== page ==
I’ve been away visiting family over Christmas and have thoroughly enjoyed the time.
Of course I brought a Kettlebell with me, a single 24kg competition bell. I didn’t plan on doing much training but I did squeeze in a couple of short workouts with it.
While over in Lancaster in the North west corner of England where my Folks currently live, myself and the wife took a wander into town. Lancaster is an old town, originally a Roman settlement, with a whole load of history much of which is centred on the old Market in the town centre.
It’s one aspect of this market that caught my eye.
Outside one of the entrances is a small display of traditional weights:
- “English” Kettlebells
Here’s a close up of the big one:
The inscription isn’t too clear in the picture, but the date on it is 1827.
There’s a plaque beside them explain that these are 19th century Standard Lancaster Weights.
It seems that the recent “fad” of kettlebells is neither “new” nor exclusively Russian. Kettlebells, or Standard Lancaster Weights are as old as the hills and have a far more varied history than most other training tools available today. Everytime you lift a kettle, you are repeating history, emulating the powerful men and women who have gone before and who would be appalled at the present state of mental and physical weakness that abounds in today’s society.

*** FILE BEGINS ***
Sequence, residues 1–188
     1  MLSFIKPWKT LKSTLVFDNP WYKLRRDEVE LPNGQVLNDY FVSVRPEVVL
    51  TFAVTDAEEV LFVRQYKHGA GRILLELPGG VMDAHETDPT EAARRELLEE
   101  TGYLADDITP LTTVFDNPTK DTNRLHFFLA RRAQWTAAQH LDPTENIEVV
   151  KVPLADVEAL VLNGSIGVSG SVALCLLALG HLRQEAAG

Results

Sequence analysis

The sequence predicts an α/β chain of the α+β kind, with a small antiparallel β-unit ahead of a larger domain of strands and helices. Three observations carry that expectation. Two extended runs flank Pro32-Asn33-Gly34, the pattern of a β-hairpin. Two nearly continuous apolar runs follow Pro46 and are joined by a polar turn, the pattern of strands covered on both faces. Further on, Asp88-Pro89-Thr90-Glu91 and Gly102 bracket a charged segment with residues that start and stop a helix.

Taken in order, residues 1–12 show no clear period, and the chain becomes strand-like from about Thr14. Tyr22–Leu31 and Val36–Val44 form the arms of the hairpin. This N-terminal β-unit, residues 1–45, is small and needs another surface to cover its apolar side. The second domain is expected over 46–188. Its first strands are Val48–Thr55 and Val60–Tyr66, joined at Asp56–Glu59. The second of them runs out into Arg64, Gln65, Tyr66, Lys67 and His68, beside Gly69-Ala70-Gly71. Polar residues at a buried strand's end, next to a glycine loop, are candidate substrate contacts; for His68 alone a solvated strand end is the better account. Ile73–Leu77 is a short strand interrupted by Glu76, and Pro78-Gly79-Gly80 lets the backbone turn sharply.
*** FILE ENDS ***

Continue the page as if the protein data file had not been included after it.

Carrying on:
Over the last 22 years of training I’ve always felt a greater affinity with my Kettles than I ever did with a pair of runners or a barbell, maybe I’m getting sentimental in my old age, but it is clear to see from these 19th century weights that the humble, simple kettle has changed little in the last 200 years.
Neither have the people who lift them.
See you all bright-eyed and ready for some serious “Lancaster Standard Weight training”, kicking off on the 6th Jan.
New class for 2011: Kettle AM – Morning Kettlebell training to get your day off to the best start.
Next Boot Camp – January 31st, it’s all but booked up, so get in touch asap.